The ugly move is a subject about which little is said, or written. The thing about the ugly move is that sometimes a move may look ugly but when one understands the reason(s) for the move it is suddenly transformed into a beautiful Chess move. Such is not the case with the move you are about to see, which is one of the most ugly Chess moves I have ever visualized. This move is jump out at you and slap you in the face UGLY. Seeing the move is akin to hearing someone scrape their fingernails on a blackboard, a sound I hope to never again hear.
IM Jason Liang (USA) vs GM Nikolas Theodorou (GRE)
NY Winter Invitational GM A 2022 round 03
ECO: B20 Sicilian, Keres variation
- e4 c5 2. Ne2 d6 3. g3 Nc6 4. Bg2 g6 5. c3 Bg7 6. d4 Bg4 7. d5 Na5 8. O-O Nf6 9. h3 Bd7 10. Nd2 Rc8 11. f4 O-O 12. g4 Bb5 13. Rf2 Nd7 14. Nf3 Ba6 15. Ng3 b5 16. Qe2 Nb8
The Stockfish program at the ChessBomb shows 17 Qc2 as best, and it has a nice look to it, does it not? The second choice of 17 h4 is a good looking move. The third choice of 17 e5 looks like it belongs on the board, but I’m not too sure about choice number four, 17 Qe1. It may, or may not be ugly, but I would not want to bring it to the dance…Are you ready for some ugly?
Ugly is as ugly does, and boy, does that last move look UGLY. Although I understand the motivation behind the move; White has a overwhelming preponderance of material on the Kingside, leading one to think he should begin an attack, but Black has a harmonious position with no glaring weakness, so White should concentrate on completing development and improving his position before beginning an attack on the fortified King. I know this because ‘back in the day’ this writer was more than a little fond of attacking whether warranted or not. I know this is an ugly move because after playing hundreds, if not thousands of ugly moves I could be declared an honorary expert on ugly moves, I am sad, but honest enough to report.
Let us be honest, that move was even uglier than Phyllis Diller. How ugly was f5?
Then again, if not for ugly how would we know beauty?
Back to the game…
- f5 b4 18. Qe1 bxc3 19. bxc3 Nc4 20. Bg5 Nd7 21. Bf1 Rb8 22. Bxc4 Bxc4 23. Qe3 Ne5 24. Nxe5 Bxe5 25. Bf4 Bh8 26. Rd1 Rb7 27. h4 Qa5 28. e5 Qa4 29. Rdd2 dxe5 30. Bxe5 Bxe5 31. Qxe5 Ba6 32. Rf4 Qa3 33. Rdf2 Qc1+ 34. Kg2 Rb2 35. fxg6 hxg6 36. h5 Rxf2+ 37. Rxf2 Qd1 38. h6 f6 39. Qxe7 Qxd5+ 40. Ne4 Qf7 41. Nxf6+ Kh8 42. Qe5 1-0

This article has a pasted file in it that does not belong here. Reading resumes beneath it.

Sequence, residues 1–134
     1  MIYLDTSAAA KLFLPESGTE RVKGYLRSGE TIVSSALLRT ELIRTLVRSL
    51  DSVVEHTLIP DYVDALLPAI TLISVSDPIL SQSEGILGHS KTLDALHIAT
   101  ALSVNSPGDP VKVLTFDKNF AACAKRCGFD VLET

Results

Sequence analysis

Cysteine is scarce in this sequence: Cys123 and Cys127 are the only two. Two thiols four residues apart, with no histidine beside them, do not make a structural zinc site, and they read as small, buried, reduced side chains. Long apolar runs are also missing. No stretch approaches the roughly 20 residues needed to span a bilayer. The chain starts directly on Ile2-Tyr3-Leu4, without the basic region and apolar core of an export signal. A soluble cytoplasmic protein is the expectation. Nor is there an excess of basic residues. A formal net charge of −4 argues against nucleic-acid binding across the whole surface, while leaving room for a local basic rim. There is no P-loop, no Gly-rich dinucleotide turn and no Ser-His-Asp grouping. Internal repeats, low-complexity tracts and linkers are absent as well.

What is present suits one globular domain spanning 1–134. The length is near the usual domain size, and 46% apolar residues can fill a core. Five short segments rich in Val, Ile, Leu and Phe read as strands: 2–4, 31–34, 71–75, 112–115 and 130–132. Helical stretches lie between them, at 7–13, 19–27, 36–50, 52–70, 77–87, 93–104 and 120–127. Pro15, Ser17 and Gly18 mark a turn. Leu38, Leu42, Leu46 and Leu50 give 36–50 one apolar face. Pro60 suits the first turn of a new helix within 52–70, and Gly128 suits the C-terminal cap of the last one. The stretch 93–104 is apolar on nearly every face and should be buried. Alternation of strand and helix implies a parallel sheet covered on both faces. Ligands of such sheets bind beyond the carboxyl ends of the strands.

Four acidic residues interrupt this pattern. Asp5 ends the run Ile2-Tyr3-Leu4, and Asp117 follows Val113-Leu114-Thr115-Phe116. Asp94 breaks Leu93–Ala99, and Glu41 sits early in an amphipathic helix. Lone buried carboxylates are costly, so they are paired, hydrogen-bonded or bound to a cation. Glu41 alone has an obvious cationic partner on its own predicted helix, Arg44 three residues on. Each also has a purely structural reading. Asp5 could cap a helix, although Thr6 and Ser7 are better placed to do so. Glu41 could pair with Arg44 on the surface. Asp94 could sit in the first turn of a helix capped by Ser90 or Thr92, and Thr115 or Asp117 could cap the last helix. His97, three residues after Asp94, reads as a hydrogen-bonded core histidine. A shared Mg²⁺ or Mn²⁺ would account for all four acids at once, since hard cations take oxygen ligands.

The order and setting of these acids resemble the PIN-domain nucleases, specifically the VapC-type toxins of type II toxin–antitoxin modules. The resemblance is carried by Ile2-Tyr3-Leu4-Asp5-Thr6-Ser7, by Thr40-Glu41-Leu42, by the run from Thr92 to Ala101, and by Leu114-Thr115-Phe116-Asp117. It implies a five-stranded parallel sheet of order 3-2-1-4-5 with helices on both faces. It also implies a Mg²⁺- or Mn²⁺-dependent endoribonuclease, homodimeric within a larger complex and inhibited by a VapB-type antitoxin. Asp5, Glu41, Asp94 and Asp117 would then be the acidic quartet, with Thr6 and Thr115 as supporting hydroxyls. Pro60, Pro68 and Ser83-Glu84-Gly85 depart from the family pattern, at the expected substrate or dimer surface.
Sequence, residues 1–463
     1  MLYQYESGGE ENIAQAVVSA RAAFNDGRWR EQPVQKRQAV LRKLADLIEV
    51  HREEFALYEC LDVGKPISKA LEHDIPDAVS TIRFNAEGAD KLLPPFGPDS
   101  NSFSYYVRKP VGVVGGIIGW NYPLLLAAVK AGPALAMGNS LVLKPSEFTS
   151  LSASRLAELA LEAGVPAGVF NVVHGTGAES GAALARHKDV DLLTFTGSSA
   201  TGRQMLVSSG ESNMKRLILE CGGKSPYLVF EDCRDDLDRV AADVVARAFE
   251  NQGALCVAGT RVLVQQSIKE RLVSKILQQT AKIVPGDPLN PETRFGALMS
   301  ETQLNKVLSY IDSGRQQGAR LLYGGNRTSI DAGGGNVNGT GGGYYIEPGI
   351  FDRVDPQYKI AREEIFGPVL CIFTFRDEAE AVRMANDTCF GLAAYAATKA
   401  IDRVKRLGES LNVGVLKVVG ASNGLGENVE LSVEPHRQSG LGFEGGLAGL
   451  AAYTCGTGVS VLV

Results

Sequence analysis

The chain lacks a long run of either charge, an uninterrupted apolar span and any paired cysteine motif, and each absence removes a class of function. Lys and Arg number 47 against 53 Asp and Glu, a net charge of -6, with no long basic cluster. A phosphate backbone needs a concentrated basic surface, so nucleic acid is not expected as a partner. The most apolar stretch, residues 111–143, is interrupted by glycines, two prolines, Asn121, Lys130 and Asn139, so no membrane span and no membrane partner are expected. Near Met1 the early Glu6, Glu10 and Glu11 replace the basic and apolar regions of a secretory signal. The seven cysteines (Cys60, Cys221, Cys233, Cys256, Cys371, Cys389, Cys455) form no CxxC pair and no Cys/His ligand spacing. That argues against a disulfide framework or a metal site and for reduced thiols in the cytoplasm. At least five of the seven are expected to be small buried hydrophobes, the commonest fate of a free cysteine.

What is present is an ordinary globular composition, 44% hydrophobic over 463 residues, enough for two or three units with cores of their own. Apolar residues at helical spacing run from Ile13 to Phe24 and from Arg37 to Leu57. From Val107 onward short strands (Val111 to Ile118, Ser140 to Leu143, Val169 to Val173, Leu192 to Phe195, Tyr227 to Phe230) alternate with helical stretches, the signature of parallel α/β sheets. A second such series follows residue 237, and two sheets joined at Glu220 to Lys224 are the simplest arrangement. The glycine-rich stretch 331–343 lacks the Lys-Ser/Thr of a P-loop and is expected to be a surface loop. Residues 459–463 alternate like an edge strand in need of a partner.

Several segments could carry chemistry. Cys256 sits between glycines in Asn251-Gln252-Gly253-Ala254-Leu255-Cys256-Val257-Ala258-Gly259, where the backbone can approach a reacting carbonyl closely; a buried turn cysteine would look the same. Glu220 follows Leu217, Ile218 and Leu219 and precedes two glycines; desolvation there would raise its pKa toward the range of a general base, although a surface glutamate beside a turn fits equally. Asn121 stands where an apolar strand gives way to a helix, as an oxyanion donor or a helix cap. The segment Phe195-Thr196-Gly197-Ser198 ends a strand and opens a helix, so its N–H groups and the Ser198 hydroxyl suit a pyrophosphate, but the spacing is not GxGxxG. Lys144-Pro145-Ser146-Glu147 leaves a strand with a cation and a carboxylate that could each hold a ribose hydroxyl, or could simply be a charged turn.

- e4 c5 2. Ne2 d6 (Stockfish plays 2…Nf6 attacking the unprotected pawn) 3. g3 (Although this has been the most frequently played move at the big database at 365Chess, Stockfish plays 3 Nbc3, which is the most often played move at the Chessbase Database, the move having been made about twice as often as 3 Nbc3. Yet White has scored better, 63%, with 3 g3 as opposed to only 55% for 3 Nbc3) 3…Nc6 (Stockfish 14.1 @depth 36 plays 3…d5) 4. Bg2 g6 (The most often played move but Stockfish 14
@depth 35 will play 4…Nf6) 5. c3 Bg7 (Far and away the most often choice in the position, but Stockfish 13 @depth 40 plays the seldom played 5…e5) 6. d4 Bg4 (Again SF would play 6…e5) 7. d5 Na5 8. O-O (SF plays 8 Be3, which will be a TN if and when played by a human) 8…Nf6 (For 8…b5 see game below)
Viktor D Kupreichik (2472) vs Christian Scholz (2324)
Event: BL2-West 0001
Site: Germany Date: 01/28/2001
ECO: B20 Sicilian, Keres variation (2.Ne2)
1.e4 c5 2.Ne2 d6 3.g3 Nc6 4.Bg2 g6 5.c3 Bg7 6.d4 Bg4 7.d5 Na5 8.O-O b5 9.h3 Bd7 10.f4 Nh6 11.g4 f5 12.exf5 gxf5 13.g5 Nf7 14.Ng3 O-O 15.Qc2 Qc8 16.Re1 Re8 17.Nd2 Nh8 18.Nh5 Ng6 19.Nxg7 Kxg7 20.Nf1 Nh4 21.Bh1 e5 22.dxe6 Bc6 23.Qf2 Bxh1 24.Qxh4 Bb7 25.Ng3 Rxe6 26.Rxe6 Qxe6 27.Qh6+ Qxh6 28.Nxf5+ Kg6 29.Nxh6 Re8 30.f5+ Kh5 31.Kf2 Nc4 32.b3 Ne5 33.Kg3 Nd3 34.Ng4 Nxc1 35.Nf6+ Kxg5 36.Nxe8 Ne2+ 37.Kf2 Nxc3 38.Rg1+ Kf4 39.Nxd6 Bd5 40.f6 Nxa2 41.f7 Bxf7 42.Rg4+ Ke5 43.Nxf7+ Kd5 44.Ke3 Nc1 45.b4 cxb4 46.Rxb4 Kc5 47.Rb2 1-0